Today is Thanksgiving Day in the United States. This national holiday is typically a day of feasting with family and friends and more football games than you can shake a turkey leg at. There are three NFL and two NCAA college games today. If that is not enough to satisfy you, there are 66 other college games and 12 more NFL games this weekend.

And, of course, tomorrow is Black Friday. It seems that this day for shopping just about overshadows the gathering of family and friends and surpasses the glut of football games.

All of this and more clouds my thinking as I prepare to reflect on thanksgiving. I thought about recapping the history of this national holiday. Then my mind went to memories from past family gatherings on the fourth Thursday of November. I considered describing my favorite foods of the season. Or I could tell you about different traditions associated with this special day.

Instead I want to consider some of the attitudes and actions of thankful people. Not what thankful people do but what thankful people don’t do.

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Thankful people don’t complain. If a person’s heart is truly filled with gratitude, they are generous in their praise of others and expressions of gratitude for their blessings. When one truly appreciates life and all that it offers, there is no time or desire to register complaints. Thankful people focus on what they have rather than complain about what they do not have. Grateful people see things in proper perspective and recognize that things could always be worse so they celebrate regardless of the circumstances.

People who are truly thankful don’t complain, they find reasons to be grateful. Matthew Henry, who wrote a commentary on every book of the Bible, was once robbed. The thieves took everything of value that he had. Later that evening he wrote in his diary these words, “I am thankful that during these years I have never been robbed before. Also, even though they took my money, they did not take my life. Although they took all I had, it was not much. Finally, I am grateful that it was I who was robbed, not I who robbed.” He had every reason to complain but instead he was thankful.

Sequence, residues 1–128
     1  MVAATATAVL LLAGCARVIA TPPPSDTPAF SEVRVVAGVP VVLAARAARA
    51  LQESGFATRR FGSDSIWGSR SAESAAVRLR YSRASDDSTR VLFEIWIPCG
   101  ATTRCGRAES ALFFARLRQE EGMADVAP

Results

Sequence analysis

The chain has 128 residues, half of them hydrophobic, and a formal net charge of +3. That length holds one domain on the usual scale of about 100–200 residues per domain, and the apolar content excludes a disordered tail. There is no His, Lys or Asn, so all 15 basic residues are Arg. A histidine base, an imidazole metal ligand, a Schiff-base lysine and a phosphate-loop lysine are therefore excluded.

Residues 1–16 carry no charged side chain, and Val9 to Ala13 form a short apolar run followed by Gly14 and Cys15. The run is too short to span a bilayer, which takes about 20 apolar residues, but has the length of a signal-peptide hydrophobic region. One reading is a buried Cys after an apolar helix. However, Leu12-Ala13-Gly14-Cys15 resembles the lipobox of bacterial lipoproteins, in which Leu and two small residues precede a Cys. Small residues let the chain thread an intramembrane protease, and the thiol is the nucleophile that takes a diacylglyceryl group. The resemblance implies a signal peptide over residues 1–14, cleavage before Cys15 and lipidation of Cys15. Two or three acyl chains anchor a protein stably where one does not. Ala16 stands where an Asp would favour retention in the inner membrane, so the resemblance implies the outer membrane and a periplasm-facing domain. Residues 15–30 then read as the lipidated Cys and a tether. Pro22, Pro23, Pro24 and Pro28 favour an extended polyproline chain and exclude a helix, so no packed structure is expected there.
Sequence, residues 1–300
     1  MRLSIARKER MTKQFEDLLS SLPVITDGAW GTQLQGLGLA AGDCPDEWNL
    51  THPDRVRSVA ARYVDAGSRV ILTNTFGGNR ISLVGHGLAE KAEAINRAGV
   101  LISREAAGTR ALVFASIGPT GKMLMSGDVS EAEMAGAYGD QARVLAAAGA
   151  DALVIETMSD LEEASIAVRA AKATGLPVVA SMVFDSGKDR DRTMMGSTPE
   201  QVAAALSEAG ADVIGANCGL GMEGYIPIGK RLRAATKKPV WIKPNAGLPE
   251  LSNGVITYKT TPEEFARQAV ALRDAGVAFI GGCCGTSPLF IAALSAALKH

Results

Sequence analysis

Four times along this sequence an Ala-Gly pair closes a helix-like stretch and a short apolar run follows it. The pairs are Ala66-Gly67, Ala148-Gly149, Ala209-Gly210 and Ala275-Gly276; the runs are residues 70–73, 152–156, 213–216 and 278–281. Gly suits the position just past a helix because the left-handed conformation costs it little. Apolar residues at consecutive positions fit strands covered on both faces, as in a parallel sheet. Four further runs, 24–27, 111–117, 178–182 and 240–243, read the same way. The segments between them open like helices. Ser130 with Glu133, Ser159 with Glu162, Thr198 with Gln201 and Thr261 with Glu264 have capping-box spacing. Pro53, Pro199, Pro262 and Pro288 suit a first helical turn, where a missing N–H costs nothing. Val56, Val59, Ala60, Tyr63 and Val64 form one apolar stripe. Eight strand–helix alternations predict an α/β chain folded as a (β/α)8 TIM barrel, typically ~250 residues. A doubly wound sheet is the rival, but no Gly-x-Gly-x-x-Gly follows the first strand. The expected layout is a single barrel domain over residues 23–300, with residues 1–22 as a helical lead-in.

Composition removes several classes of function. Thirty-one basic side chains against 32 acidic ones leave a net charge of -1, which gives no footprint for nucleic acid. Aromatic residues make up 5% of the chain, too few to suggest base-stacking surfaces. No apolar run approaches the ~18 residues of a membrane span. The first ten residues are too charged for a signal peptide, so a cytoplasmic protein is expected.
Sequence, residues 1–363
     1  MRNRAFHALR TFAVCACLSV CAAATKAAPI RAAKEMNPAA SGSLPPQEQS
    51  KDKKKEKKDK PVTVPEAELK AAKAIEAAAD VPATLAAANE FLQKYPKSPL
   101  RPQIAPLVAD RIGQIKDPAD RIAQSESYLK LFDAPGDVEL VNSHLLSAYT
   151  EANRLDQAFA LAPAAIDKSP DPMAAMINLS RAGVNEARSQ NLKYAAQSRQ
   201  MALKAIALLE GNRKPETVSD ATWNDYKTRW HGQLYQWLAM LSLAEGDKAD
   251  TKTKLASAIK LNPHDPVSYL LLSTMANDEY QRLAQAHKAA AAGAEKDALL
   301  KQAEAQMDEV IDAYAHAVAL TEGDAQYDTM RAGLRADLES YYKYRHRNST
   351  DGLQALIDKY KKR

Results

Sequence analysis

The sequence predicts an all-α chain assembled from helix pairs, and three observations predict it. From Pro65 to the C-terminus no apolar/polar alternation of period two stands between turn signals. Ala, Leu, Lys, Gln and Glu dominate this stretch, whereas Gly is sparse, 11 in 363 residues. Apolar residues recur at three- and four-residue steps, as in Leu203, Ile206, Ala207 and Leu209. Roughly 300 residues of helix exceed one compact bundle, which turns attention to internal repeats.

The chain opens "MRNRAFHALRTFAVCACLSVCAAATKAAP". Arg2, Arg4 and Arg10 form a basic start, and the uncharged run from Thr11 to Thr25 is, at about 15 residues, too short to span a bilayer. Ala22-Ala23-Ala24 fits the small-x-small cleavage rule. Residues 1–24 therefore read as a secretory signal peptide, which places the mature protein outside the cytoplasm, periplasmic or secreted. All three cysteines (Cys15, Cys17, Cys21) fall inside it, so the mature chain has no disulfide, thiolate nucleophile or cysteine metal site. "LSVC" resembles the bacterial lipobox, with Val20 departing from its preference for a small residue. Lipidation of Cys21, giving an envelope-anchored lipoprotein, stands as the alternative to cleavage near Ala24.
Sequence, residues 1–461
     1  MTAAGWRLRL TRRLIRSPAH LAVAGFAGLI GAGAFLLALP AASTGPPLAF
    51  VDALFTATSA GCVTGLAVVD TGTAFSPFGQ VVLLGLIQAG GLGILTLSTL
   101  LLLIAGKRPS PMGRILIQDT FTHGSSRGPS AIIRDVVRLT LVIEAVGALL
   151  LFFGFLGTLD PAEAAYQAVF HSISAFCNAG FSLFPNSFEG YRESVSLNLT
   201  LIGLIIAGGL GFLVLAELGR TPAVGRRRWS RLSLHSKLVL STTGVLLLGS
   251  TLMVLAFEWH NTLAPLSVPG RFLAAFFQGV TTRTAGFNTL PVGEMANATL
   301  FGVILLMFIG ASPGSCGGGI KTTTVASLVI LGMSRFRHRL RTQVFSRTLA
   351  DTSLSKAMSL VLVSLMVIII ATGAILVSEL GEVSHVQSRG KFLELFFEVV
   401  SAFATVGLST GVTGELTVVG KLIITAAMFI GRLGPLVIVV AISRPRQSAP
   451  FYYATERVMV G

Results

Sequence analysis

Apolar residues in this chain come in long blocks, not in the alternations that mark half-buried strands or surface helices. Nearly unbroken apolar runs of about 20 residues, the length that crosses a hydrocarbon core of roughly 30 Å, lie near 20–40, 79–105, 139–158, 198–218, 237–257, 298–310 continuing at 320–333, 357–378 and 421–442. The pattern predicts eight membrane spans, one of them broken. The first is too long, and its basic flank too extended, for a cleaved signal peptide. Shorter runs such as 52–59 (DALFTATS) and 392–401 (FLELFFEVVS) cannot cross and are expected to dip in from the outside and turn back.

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Thankful people don’t hoard. Truly grateful people are generous with whatever they have and find pleasure in sharing with others. Their security is not related to things so there is no need to guard their possessions. Stockpiling material things or refusing to share privilege or power is a symptom of selfishness, insecurity, and ingratitude.

It is obvious to me that the more we hold onto things the less thankful we are. The more we give away the more reason we have to give thanks. Thankful people really believe that it is more blessed to give than to receive.

Thankful people don’t forget. They recognize that everything one has or achieves is not necessarily the result of their own ability, intelligence, or ingenuity. Many factors contribute to the benefits and blessings a person may possess. Thankful people remember the kindness and generosity of others.Genuine gratitude recognizes the contributions of individuals and realizes that opportunities and resources have been available to them that others might have been denied.

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While there are at least these three “don’ts” to thanksgiving, there are some things to do. Do give thanks, rejoice don’t complain. Do give thanks, be generous not tight. Do give thanks, don’t forget what others have done for you and most of all, remember God, who gave us His son for our salvation and has provided for us life eternal and life abundant.

Jamie Jenkins

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